It's been a while since a film made me feel as thoroughly uncomfortable as Ming-liang Tsai's Stray Dogs (2014), a slow-burning examination of family life on the outer edge of modern civilization. Our nameless central character is played by Tsai regular Kang-Sheng Lee; he's a single father who works long, miserable hours holding advertising placards for very little pay while his two children loiter in grocery stores and shopping malls during business hours. At night, they share food and sleep in an abandoned building; there is no comfort except in the company of one another, and it's obvious that life is beginning to bear down on all three of them. Eventually, a supermarket clerk takes pity on the young children, but the physically and mentally decimated father may already be too far gone.
Ming-liang Tsai has directed more than a dozen feature-length films and even more shorts and documentary segments during the last 25+ years. In comparison to most of them, Stray Dogs is not unusually structured: it also features extremely long, mostly static takes that are almost completely dialogue-free and use no traditional music cues, making them feel like surreal and meditative clips from a raw documentary. These are homeless people and there is something of a routine to their everyday life: food is eaten, limited social interactions are made and, though they don't own the building they sleep in, it serves as their place of residence for the time being. Not surprisingly, there's a persistent level of unpredictability and loneliness during the bulk of Stray Dogs, which not-so-subtly compares its central family to a pack of roaming canines, also featured during a handful of scenes. Unforgiving downpours drench man and beast, and we're also stuck outside without a raincoat or umbrella. They gnaw on chicken bones while we watch them eat, unsure if the way they're devouring such food is repulsive in its desperation.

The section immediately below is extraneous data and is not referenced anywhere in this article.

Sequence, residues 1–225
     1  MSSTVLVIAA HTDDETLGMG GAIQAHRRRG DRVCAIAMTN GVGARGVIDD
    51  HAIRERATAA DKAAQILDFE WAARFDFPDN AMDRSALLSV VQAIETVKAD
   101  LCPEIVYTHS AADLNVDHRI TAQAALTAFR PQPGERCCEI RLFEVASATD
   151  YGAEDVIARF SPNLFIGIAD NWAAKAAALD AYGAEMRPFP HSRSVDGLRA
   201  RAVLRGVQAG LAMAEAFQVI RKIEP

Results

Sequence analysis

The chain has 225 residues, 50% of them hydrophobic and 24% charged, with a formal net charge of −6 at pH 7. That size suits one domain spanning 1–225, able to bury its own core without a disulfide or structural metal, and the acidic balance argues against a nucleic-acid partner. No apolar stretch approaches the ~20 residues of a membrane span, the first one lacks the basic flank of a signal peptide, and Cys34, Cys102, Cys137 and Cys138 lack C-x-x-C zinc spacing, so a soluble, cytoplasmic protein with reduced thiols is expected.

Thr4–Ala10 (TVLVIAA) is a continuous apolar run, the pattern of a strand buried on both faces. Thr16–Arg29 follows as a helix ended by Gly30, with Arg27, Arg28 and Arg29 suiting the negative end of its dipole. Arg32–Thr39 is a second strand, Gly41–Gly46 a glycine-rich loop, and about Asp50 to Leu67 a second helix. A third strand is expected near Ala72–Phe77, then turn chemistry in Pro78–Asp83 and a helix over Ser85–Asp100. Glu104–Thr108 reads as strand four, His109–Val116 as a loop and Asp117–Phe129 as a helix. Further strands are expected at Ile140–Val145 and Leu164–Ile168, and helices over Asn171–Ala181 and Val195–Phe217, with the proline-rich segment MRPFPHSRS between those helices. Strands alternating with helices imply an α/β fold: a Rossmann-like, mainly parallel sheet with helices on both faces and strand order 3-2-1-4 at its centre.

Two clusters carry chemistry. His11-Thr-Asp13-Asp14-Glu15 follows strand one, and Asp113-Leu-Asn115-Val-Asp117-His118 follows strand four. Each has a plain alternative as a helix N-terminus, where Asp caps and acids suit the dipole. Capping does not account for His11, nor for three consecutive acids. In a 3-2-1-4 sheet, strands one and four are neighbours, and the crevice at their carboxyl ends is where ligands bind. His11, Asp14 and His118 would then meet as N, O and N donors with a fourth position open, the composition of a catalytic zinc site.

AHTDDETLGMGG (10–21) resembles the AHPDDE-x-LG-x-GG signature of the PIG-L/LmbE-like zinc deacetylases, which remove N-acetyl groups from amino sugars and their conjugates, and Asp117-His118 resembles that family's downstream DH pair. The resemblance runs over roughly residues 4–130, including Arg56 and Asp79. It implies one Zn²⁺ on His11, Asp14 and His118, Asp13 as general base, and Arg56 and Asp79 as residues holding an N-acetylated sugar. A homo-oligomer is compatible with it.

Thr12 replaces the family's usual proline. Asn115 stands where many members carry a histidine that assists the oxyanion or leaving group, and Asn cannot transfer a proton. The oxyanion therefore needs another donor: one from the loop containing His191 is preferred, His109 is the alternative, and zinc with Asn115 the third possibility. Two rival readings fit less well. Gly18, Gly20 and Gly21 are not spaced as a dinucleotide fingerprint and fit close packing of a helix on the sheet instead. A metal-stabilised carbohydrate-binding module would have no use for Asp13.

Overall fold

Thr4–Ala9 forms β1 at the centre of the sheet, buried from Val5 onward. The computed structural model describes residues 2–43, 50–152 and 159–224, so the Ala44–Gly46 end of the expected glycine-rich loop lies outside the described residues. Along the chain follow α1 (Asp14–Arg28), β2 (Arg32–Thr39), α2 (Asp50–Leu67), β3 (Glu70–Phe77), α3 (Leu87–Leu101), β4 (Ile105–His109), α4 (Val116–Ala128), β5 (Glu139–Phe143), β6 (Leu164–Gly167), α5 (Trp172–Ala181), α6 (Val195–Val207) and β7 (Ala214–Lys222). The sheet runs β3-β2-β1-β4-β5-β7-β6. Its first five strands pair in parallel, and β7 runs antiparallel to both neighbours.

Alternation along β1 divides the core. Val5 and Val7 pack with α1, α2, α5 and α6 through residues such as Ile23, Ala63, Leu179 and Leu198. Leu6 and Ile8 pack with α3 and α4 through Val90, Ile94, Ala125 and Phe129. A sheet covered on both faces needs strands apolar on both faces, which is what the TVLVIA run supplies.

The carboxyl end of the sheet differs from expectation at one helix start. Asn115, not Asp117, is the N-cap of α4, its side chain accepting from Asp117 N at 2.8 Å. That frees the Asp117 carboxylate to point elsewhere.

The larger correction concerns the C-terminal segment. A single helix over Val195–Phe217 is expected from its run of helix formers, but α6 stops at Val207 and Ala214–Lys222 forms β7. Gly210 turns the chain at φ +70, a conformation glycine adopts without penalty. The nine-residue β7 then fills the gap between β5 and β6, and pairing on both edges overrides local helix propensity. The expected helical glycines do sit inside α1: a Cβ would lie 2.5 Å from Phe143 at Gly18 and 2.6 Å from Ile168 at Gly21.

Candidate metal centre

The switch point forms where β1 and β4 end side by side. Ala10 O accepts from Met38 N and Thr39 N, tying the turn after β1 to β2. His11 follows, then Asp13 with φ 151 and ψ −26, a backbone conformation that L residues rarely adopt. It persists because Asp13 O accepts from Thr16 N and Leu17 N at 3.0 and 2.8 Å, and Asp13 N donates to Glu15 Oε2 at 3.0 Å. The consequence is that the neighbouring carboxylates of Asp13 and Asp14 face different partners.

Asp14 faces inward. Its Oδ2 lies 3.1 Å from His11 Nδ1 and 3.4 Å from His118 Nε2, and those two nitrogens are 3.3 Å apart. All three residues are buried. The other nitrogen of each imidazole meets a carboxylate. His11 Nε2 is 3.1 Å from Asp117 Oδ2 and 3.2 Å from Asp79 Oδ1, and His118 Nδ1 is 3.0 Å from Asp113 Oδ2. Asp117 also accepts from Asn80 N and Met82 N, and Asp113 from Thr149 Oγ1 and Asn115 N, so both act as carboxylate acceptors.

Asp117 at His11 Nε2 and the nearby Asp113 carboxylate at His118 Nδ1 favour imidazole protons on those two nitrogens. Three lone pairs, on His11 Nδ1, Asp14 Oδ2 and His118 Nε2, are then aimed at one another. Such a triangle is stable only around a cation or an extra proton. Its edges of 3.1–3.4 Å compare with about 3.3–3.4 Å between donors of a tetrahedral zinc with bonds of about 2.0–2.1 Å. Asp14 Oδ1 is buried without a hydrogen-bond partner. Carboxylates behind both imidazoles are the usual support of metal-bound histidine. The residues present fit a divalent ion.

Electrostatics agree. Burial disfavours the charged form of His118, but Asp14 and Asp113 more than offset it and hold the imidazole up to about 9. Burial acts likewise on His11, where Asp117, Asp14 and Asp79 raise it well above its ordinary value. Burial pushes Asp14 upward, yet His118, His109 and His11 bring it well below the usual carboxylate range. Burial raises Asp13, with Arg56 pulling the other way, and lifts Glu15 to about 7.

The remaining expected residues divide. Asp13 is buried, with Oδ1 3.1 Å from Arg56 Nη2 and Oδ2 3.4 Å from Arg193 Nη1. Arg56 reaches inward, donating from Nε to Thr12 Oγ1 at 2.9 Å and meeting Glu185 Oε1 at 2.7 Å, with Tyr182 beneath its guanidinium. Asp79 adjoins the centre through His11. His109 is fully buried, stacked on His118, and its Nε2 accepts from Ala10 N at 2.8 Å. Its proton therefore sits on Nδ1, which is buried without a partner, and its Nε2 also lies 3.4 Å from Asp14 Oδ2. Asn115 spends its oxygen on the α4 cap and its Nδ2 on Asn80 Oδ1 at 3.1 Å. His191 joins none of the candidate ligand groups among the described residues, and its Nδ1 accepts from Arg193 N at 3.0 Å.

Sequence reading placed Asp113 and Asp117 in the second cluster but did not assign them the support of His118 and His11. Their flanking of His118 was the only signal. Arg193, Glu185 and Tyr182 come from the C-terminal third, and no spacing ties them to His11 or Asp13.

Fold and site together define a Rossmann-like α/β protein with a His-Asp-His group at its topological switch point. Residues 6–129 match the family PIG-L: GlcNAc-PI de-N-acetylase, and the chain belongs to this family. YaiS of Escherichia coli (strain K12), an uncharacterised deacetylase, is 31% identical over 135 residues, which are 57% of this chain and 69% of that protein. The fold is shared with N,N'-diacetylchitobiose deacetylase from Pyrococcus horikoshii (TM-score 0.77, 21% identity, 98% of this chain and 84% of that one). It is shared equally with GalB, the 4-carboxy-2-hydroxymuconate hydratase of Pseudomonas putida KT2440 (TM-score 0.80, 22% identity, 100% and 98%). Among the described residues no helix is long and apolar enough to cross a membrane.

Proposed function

These static takes prove to be Stray Dogs' greatest asset and biggest handicap. Without them, we might not feel as obligated to reflect on the otherwise forgettable actions on screen...but presented non-stop as part of a film that exceeds 130 minutes, such a format will most definitely test the patience of anyone new to this style of filmmaking. Either way, it's a long haul: I'll admit that it took me three sessions to make it through Stray Dogs...but to be fair, that's because it's almost impossible to watch it alone as I did. Film like this almost require the addition of a suitably patient second or third audience member, if only to provide a substitute for the necessary social comfort that Stray Dogs completely refuses to deliver. Needless to say, if you're new to this film or the work of director Ming-liang Tsai in general, Cinema Guild's Blu-ray is worth watching...but probably not worth owning.
Quality Control Department
Video & Audio Quality
Stray Dogs is not necessarily a film with demanding visuals---after all, it almost plays like a static slide-show except for maybe a dozen or two camera pans---but most of the striking close-ups and careful compositions look absolutely terrific on this 1.78:1, 1080p transfer. Textures and image detail are often top-notch, colors are crisp and well-rendered, black levels are strong, and shadow detail holds up nicely during most of the dimly-lit interior scenes. No flagrant digital imperfections could be spotted along the way, though a few scenes shot during unfavorable weather conditions obviously exhibit a more limited level of quality. Overall, though, this is a fantastic transfer of new source material and fans will be pleased with Cinema Guild's efforts in this department.